• b. PS eligibility criteria should be continually reevaluated and modified throughout the clinical development process to reflect accumulated safety data of the investigational treatment. Decisions about PS eligibility criteria should be based on early clinical safety and efficacy data about the specific investigational agent or based on known data from other drugs in the same class with similar mechanism of action. Later-phase trials (e.g., phase II/III) should generally mirror the intended use population and ECOG PS 2 patients should be included, unless safety concerns have manifested in earlier-phase trials. The rationale for exclusion should be justified and stated explicitly.

    • c. Incorporating the rationale for inclusion of a broader population into the protocol could help encourage investigators to enroll these patients.

    • d. Performance status data should still be collected for use as a stratification factor, regardless of how it is incorporated into eligibility criteria.

  • 2. Consider alternate trial designs, such as prespecified cohorts with lower PS that are exempt from the primary analysis, to encourage inclusion of these patients. These cohorts would generally be small in size and exploratory in nature and could be enrolled in an incremental way to enable an early stopping rule based upon safety data. Consideration of the data analysis approach for the broader eligibility cohort and subgroup analysis should be determined during the study design phase. Early discussion with FDA about enrollment of a broader population may have implications for marketing and post-marketing research requirements.

  • 3. Additional assessments of functional status should be considered to better characterize the functional status of ECOG PS 2 patients and patients ages ≥65, such as activities of daily living (ADLs) and instrumental ADLs.

 
Eligibility criteria categoryRecommendation
Washout periods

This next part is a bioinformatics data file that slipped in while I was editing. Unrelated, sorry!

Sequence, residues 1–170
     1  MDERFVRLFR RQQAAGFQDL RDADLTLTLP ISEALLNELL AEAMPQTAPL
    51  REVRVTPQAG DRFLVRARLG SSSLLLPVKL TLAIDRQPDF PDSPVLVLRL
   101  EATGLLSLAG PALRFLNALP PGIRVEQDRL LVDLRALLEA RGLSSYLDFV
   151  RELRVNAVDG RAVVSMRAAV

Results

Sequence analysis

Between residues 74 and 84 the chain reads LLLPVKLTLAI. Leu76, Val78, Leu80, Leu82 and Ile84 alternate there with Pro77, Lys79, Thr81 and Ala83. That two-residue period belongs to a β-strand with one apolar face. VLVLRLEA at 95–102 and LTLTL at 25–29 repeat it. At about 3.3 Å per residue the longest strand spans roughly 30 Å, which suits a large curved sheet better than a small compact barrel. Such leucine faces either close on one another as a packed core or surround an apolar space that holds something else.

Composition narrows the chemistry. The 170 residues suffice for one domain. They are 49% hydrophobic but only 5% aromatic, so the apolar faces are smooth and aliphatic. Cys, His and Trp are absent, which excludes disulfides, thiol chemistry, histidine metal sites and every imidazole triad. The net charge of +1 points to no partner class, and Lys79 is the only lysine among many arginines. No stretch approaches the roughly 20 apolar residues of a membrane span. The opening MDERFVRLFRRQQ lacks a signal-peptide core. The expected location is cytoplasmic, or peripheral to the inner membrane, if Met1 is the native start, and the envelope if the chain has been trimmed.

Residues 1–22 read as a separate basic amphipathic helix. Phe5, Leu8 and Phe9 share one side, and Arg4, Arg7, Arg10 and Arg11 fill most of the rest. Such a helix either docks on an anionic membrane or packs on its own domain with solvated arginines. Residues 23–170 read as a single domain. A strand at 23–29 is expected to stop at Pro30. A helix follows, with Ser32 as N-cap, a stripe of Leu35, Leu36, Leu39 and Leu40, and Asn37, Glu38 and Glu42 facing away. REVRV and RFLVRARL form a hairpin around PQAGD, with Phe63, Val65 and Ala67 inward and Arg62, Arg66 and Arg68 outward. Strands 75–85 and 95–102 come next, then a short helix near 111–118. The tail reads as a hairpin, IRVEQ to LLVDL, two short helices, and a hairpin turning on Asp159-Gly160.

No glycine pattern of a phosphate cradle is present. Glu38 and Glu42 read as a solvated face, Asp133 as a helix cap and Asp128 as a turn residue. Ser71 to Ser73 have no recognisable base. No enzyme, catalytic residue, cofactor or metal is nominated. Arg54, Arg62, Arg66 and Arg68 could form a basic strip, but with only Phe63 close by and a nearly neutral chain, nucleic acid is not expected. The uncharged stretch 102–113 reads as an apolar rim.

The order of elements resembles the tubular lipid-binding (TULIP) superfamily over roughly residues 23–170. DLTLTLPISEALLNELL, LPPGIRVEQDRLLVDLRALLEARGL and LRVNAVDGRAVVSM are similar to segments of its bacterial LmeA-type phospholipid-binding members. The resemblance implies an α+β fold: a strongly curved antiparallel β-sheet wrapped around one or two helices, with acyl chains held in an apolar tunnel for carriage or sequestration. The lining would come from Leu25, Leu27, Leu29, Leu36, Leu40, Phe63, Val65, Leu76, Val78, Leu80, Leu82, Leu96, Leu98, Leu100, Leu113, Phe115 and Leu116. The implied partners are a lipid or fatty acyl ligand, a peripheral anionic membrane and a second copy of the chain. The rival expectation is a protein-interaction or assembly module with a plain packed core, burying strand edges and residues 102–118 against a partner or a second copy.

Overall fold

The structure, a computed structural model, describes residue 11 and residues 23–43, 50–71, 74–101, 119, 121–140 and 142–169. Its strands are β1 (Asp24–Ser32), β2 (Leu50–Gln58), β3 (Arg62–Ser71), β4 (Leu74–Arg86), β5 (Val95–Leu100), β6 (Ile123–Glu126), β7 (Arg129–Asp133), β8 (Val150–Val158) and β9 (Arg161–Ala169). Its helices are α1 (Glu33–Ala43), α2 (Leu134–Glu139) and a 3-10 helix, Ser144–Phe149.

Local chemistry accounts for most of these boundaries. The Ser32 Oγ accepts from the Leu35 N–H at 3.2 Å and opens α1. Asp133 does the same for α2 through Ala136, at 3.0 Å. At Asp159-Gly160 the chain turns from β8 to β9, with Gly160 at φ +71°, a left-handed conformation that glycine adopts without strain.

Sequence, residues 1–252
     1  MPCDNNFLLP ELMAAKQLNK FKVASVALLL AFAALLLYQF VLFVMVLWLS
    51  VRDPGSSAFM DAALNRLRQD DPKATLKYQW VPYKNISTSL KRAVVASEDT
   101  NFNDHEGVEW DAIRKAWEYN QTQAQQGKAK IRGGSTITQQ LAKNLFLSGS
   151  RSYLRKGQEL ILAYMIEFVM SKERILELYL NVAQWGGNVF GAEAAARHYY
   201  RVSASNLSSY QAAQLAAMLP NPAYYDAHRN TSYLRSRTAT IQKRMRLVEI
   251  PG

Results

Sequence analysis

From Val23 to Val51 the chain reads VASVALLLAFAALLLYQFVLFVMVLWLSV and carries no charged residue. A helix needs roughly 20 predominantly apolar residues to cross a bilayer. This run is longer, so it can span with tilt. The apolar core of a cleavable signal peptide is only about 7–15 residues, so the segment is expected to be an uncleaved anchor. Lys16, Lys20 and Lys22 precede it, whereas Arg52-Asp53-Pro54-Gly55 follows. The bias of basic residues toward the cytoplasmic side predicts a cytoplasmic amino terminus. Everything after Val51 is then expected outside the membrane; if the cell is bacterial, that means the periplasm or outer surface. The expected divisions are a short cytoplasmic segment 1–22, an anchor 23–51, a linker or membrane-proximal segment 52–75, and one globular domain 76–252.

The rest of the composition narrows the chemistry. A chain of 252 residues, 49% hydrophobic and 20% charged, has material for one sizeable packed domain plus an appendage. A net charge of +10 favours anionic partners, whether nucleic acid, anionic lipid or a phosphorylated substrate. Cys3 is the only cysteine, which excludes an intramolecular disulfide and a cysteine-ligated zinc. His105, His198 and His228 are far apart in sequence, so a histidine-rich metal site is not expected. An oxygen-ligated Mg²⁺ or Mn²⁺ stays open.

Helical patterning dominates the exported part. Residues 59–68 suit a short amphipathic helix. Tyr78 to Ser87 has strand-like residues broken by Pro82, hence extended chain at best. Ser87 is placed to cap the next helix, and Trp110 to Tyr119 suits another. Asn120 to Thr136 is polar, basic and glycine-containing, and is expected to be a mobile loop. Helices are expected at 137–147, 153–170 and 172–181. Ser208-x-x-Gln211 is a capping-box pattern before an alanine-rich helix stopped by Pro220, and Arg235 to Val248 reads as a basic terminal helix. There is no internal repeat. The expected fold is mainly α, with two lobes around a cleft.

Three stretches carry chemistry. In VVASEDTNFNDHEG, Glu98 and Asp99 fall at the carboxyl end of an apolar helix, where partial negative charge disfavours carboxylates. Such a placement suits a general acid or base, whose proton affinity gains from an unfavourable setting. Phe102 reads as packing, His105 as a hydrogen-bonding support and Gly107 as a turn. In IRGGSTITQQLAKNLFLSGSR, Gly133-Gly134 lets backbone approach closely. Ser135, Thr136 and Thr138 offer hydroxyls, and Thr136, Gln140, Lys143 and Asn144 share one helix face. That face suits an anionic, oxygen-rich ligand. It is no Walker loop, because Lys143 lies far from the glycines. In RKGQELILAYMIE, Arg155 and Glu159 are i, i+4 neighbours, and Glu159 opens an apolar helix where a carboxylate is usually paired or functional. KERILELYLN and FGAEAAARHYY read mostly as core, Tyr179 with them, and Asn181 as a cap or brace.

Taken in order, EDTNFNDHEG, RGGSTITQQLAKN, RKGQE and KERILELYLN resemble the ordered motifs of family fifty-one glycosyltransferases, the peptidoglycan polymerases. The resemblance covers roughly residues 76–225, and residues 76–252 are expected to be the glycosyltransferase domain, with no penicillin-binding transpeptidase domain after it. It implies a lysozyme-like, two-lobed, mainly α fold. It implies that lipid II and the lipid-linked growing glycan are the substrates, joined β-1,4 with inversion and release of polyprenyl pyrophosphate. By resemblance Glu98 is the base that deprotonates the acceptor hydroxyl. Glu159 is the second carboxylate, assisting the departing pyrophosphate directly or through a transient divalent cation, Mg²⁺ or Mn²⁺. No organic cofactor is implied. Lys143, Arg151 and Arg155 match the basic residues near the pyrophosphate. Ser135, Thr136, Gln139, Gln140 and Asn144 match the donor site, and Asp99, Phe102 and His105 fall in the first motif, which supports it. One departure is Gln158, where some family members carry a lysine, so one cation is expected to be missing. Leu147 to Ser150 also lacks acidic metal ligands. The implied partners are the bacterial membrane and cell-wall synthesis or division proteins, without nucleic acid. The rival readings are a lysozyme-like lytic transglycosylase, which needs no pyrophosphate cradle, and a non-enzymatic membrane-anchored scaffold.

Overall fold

• 1. Time-based washout periods should be removed from protocol eligibility criteria in most cases. Any inclusion of time-based washout periods should be scientifically justified and clearly specified.

  • 2. Relevant clinical and laboratory parameters should be used in place of time-based washout periods to address safety considerations.

  • 3. Potential trial participants should have recovered from clinically significant adverse events of their most recent therapy/intervention prior to enrollment.

 
Concomitant medications 
  • 1. Concomitant medications use should only exclude patients from trial participation when clinically relevant known or predicted drug–drug interactions or potential overlapping toxicities will impact safety or efficacy.

 
Prior therapies 
  • 1. Patients are eligible for clinical trials regardless of the number or type of prior therapies and without a requirement to have received a specific therapy prior to enrollment unless a scientific or clinically based rationale is provided as justification.

  • 2. Prior therapy (either limits on the number and type of prior therapies or requirements for specific therapies before enrollment) could be used to determine eligibility in the following cases:

    • a. If the agents being studied target a specific mechanism or pathway that could potentially interact with a prior therapy.

    • b. If the study design requires that all patients begin protocol-specified treatment at the same point in the disease trajectory.

    • c. In randomized clinical studies, if the therapy in the control arm is not appropriate for the patient due to previous therapies received.

  • 3. Trial designers should consider conducting evaluation separately from the primary endpoint analysis for participants who have received prior therapies.

 
Laboratory reference ranges and test intervals